Education Minister Doug Currie has tabled a bill that makes a number of changes to the Archives and Records Act. The changes are aimed at ensuring better monitoring and oversight of government records, including emails.
The bill also adds penalties to anyone who violates the act, as currently no provincial penalties exist.
Once the bill comes into effect, anyone who intentionally destroys, damages, erases or conceals any public document or record will be guilty of an offence and liable on summary conviction to a maximum fine of $10,000.
But the Opposition Progressive Conservatives say this is not enough of a deterrent for future government insiders who might want to make controversial emails or documents to disappear.
“If someone were to break the act the way it’s written now, they could pay the fine and show up for work the next day and that’s where we have concerns and the public has concerns,” said Opposition MLA Sidney MacEwen.
“People are coming to us and wondering why aren’t we creating more of a deterrent so this doesn’t happen again?”
As part of her audit into the controversial e-gaming venture, auditor general Jane MacAdam found emails of key government players involved in e-gaming had been removed entirely after these individuals left government.
MacAdam told the province’s public accounts committee there were important government records contained in these email accounts that should have been kept and saved.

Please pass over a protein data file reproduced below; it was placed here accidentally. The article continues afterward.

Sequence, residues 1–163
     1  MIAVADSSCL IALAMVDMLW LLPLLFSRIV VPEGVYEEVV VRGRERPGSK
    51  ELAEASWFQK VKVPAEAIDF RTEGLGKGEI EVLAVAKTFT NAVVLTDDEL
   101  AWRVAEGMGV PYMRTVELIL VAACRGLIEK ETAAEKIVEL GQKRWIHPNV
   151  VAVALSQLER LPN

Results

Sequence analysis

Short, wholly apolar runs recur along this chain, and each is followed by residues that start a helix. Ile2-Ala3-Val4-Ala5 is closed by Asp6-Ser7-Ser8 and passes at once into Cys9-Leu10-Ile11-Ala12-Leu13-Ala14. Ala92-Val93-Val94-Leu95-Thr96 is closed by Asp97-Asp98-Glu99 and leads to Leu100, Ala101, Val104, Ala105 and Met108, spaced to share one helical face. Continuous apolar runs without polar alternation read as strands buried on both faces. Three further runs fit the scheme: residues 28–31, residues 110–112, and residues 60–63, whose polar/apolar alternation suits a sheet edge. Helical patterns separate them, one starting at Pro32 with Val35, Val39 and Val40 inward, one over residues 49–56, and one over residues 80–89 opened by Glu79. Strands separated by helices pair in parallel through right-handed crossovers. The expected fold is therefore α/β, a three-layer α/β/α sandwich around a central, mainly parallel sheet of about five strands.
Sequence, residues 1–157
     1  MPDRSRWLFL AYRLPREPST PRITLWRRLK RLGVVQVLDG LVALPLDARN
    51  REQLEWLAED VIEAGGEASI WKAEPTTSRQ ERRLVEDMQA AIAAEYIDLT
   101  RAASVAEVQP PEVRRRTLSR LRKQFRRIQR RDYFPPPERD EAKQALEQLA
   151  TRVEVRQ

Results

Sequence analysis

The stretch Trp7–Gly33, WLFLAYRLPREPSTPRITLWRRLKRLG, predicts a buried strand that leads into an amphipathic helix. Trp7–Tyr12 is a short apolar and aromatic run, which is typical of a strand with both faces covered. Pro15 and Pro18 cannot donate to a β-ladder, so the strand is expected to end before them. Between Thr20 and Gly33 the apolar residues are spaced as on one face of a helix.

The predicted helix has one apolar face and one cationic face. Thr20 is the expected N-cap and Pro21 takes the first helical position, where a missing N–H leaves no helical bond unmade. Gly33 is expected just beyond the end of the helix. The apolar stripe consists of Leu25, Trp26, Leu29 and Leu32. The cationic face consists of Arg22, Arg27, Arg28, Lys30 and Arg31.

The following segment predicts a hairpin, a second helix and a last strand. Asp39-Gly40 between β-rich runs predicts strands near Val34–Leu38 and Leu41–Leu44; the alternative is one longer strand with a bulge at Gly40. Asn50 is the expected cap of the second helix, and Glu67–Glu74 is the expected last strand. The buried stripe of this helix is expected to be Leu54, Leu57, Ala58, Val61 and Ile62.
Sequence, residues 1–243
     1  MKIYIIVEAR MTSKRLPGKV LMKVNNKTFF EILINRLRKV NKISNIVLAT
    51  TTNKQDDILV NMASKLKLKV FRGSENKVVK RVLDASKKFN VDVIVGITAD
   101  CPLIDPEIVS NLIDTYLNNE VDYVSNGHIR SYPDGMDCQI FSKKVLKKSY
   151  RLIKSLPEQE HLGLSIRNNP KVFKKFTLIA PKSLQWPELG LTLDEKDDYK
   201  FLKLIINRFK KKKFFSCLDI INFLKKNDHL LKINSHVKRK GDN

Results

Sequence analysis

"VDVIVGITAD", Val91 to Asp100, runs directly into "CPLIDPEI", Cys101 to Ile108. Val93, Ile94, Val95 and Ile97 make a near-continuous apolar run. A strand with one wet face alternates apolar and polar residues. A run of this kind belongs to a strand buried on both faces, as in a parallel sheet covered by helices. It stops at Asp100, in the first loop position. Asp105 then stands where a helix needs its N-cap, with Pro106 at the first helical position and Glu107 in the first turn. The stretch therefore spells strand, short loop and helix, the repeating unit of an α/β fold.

In the course of her investigation, MacAdam discovered these records were not retained, as is required by law.
But because P.E.I.’s Archives and Records Act does not contain penalties, no one has faced consequences for the destroyed records.
The bill was debated at length earlier this month, with Opposition MLAs trying to make amendments to add more transparency over when government emails or records are closed or destroyed.
Opposition MLAs pressed government on why no provisions were included in the new penalties to ensure those who violate the act could not continue to work for government.
Premier Wade MacLauchlan explained it is not possible to write into legislation that people will lose their job, as that is a matter of employment law.
But he did say there would likely be job implications for anyone who breaks the act.
“I don’t want it to be left as a given that someone will pay a fine and go back to work the next day,” MacLauchlan said.
“If someone is convicted for a criminal offence in relation to their duties, there is a very good chance there is going to be a consequence.”
Steven Myers remains unconvinced the changes go far enough.
“I’m significantly disappointed in this bill. I don’t think a monetary fine is enough, I really don’t,” he said.
“I would suggest when this bill hits the floor on another day that we should be adding clauses to say, ‘You’re going to jail.’ Because (Justice) Nancy Orr puts them in jail for way less than what you fellows let these guys away with.”
The bill has not yet completed second reading in the P.E.I.